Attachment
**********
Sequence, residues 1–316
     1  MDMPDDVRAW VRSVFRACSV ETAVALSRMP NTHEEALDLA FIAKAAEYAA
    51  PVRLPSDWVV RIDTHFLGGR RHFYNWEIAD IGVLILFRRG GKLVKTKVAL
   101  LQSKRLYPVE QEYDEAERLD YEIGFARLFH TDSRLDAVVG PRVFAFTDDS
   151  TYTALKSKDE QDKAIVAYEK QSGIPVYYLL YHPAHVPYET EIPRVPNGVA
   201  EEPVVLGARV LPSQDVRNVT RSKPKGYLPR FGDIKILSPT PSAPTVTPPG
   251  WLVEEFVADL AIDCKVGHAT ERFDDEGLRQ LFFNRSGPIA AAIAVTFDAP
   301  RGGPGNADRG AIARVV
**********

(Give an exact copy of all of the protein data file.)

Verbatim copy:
Sequence, residues 1–316
     1  MDMPDDVRAW VRSVFRACSV ETAVALSRMP NTHEEALDLA FIAKAAEYAA
    51  PVRLPSDWVV RIDTHFLGGR RHFYNWEIAD IGVLILFRRG GKLVKTKVAL
   101  LQSKRLYPVE QEYDEAERLD YEIGFARLFH TDSRLDAVVG PRVFAFTDDS
   151  TYTALKSKDE QDKAIVAYEK QSGIPVYYLL YHPAHVPYET EIPRVPNGVA
   201  EEPVVLGARV LPSQDVRNVT RSKPKGYLPR FGDIKILSPT PSAPTVTPPG
   251  WLVEEFVADL AIDCKVGHAT ERFDDEGLRQ LFFNRSGPIA AAIAVTFDAP
   301  RGGPGNADRG AIARVV